A Beijing lawyer has asked the National Development and Reform Commission (NDRC) to investigate the legitimacy of the recent price jump of perennial Chinese favorite, instant noodles.
The request comes after a packet of instant noodles rose by an average of 20 percent last week, which sparked more public concern over rising food prices in China.
Qiu Baochang, a legal consultant of the China Consumers' Association, said it is acceptable for industries to raise prices if the costs rise, but they should not meet in private and decide on price hikes together.
Qiu said the collective decision might have breached China's Price Law and infringed upon the right of consumers.
Industries are banned by the Price Law from colluding with each other to manipulate prices, according to Qiu. It is also prohibited by the anti-price monopoly regulations drawn up by the NDRC.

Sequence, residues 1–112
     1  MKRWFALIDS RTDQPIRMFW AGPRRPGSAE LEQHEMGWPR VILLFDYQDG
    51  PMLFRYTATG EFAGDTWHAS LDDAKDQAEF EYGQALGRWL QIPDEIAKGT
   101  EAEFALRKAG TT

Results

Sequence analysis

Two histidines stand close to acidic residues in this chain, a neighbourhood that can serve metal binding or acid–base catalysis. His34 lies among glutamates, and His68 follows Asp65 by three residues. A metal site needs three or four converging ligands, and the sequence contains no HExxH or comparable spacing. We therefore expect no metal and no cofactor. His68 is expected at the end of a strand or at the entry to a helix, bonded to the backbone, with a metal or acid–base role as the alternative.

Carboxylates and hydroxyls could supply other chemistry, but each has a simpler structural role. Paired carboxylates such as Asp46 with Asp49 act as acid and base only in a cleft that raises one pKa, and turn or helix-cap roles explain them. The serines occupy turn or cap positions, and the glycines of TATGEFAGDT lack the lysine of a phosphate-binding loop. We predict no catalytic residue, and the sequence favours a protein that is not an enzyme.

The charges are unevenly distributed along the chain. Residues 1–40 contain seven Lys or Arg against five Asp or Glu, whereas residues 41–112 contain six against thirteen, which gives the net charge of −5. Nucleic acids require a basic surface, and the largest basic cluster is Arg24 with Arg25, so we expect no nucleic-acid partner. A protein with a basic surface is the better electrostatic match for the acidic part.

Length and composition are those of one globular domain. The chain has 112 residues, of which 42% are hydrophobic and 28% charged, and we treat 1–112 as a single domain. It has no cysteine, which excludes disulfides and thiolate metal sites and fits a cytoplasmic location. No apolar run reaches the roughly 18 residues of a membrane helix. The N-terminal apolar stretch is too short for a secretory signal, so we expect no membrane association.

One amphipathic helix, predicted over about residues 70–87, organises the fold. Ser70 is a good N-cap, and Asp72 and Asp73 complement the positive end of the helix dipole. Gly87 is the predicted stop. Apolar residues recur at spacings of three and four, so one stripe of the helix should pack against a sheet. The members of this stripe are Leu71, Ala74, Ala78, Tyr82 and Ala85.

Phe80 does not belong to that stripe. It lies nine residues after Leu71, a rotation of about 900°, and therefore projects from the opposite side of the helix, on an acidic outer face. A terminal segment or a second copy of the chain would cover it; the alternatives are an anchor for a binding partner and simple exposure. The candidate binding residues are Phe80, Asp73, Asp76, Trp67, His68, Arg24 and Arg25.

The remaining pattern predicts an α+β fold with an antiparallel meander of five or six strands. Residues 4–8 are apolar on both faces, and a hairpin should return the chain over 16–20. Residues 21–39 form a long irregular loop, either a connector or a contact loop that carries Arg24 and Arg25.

Meng Suhe, an official with the Chinese branch of the World Instant Noodle Association, told media last week that major instant noodle makers, who hold a combined 95 percent share of the domestic market, had met and made a collective decision to raise prices.
Meng said the retail price rise was a result of the increased cost of raw materials, namely palm oil which has jumped from 4,200 yuan per ton to 8,000 yuan per ton.
The low-end instant noodles cost only one yuan (13 U.S. cents) per packet before the price change. The highest price rise will be 40 percent, said Meng.
China makes 51 percent of all instant noodles in the world with more than 46 billion packets produced last year.
Qiu Baochang said he had not yet received a response from the NDRC.